On March 11, during Registered Dietitian Nutritionist Day, we are proud to honor those who have made it their mission to help people live fuller lives by teaching them to make healthier choices.
It can be surprising to learn just how often registered dietitian nutritionists (RDN) touch our lives in so many important ways. Their work shows up in parts of everyday life but can also have widespread effects across the globe.
What are some of the ways RDNs help shape and improve population health?
One of the most important population health challenges RDNs take is helping people with chronic illnesses manage these often debilitating diseases.
U.S. Chronic Disease facts from the CDC (Centers for Disease Control)
Whether patients are battling diabetes, renal failure, heart disease, or other chronic diseases, condition management is a full-time job. In some instances, limited access to health experts like RDNs can create additional barriers to these patients’ wellness.
While much chronic condition management happens at home, patients often see value by working with health coaches. Routine meetings with nutrition specialists like RDNs can help set chronically ill patients up for success. However, RDNs cannot be everywhere at all times.
To bridge gaps between home care and office visits, RDNs and other condition management specialists need patient engagement technology that can adjust to their busy schedules. Condition management tools with a high concentration on patient engagement can help RDNs stay better connected to the people they support. It is also necessary for these tools to offer features that can help RDNs effortlessly coordinate care with primary physicians.
Using a condition management app, RDNs can extend their impact beyond their office or hospital walls. The most useful apps will have features like:
To help improve communication between RDNs and physicians, a condition management app should also support documentation of patient progress. Clear patient documentation can be a high-value commodity RDNs can offer primary caregivers.
A key responsibility of RDNs is the continued tracking of patient diet and health at all stages of condition management. In most cases, dietitians work closely with nurses to track patient details like weight gains/losses, appetite levels, changes in medication, and any newly reported health issues.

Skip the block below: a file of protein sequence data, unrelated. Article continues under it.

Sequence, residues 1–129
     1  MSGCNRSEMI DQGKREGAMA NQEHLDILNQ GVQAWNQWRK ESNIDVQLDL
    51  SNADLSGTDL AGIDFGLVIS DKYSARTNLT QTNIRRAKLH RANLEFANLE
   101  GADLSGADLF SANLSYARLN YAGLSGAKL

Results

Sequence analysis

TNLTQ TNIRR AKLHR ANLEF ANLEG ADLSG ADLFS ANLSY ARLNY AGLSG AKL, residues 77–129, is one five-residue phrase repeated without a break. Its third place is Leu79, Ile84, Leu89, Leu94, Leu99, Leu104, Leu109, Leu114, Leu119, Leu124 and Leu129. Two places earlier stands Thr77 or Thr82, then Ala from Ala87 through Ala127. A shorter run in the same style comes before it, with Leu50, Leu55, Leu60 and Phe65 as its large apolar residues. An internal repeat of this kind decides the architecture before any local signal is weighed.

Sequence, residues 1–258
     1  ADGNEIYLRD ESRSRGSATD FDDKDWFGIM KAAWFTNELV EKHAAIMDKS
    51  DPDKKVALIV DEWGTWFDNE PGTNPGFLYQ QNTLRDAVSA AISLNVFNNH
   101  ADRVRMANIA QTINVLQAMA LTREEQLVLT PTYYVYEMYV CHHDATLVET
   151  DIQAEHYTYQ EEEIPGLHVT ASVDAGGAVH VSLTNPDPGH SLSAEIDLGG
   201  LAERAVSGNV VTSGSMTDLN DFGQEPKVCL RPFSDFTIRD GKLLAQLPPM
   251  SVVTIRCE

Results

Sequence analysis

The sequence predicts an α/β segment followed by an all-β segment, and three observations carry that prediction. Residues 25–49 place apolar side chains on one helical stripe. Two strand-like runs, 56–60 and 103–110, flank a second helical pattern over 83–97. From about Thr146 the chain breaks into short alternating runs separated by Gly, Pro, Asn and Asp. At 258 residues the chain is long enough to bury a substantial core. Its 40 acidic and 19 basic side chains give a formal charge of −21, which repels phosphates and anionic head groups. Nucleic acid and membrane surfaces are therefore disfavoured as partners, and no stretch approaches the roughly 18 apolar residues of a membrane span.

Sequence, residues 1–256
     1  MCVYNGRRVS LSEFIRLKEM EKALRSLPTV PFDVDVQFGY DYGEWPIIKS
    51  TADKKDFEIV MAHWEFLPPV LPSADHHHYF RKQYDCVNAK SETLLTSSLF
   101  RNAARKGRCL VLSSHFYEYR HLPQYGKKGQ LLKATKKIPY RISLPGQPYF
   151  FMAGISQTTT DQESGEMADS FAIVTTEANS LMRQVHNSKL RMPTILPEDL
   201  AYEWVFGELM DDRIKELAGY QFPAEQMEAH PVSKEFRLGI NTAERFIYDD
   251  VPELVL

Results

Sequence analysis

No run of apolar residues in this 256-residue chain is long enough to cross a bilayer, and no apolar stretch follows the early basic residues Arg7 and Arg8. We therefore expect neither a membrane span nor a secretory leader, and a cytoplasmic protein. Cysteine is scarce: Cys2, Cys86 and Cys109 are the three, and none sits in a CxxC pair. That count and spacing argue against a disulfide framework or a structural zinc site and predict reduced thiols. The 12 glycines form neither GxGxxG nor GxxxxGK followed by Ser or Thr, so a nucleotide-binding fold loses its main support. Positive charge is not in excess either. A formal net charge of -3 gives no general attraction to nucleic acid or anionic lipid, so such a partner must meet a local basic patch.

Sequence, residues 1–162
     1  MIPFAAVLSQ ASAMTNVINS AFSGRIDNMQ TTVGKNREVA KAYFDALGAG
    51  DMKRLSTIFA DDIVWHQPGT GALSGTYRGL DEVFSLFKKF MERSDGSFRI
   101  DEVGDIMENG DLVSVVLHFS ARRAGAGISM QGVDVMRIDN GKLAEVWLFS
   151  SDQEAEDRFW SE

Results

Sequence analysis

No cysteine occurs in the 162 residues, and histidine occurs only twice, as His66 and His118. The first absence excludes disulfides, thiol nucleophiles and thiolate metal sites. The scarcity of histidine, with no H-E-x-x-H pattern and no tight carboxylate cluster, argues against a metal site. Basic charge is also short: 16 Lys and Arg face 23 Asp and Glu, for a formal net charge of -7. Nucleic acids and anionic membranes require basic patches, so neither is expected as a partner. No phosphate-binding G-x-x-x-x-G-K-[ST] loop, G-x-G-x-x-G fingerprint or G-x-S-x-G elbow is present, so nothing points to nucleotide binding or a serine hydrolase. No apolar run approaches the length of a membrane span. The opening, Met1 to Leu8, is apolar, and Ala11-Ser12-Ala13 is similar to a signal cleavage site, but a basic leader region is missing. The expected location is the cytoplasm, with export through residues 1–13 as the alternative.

In addition to general care data, RDN documentation responsibilities often include ongoing assessments of nutritional health. Detailed documentation provided by RDNs helps determine care aspects such as:
The information shared between RDNs and attending clinicians helps inform an effective care plan and is critical to achieving gap-free care coordination. With a clean record of patient progress, both RDNs and clinicians can provide higher quality patient care. Documentation becomes even more effective when health information is shared in a single system that integrates across multiple care settings.
Reducing death and disabilities related to chronic illnesses is a key issue for RDNs and healthcare providers nationwide. The roles of an RDN vary, but they can’t be everywhere for everyone. Dietary experts like RDNs also need tools that facilitate the seamless sharing of patient data with primary physicians.
MEDHOST believes the same care coordination tools, which allow hospitals to easily track and share patient data, can hold equal value for RDNs and other dietary experts. To support those who assess, plan, and coach dietary treatments, MEDHOST has developed condition management and care coordination tools that help providers save time, work with greater precision, and promote better outcomes.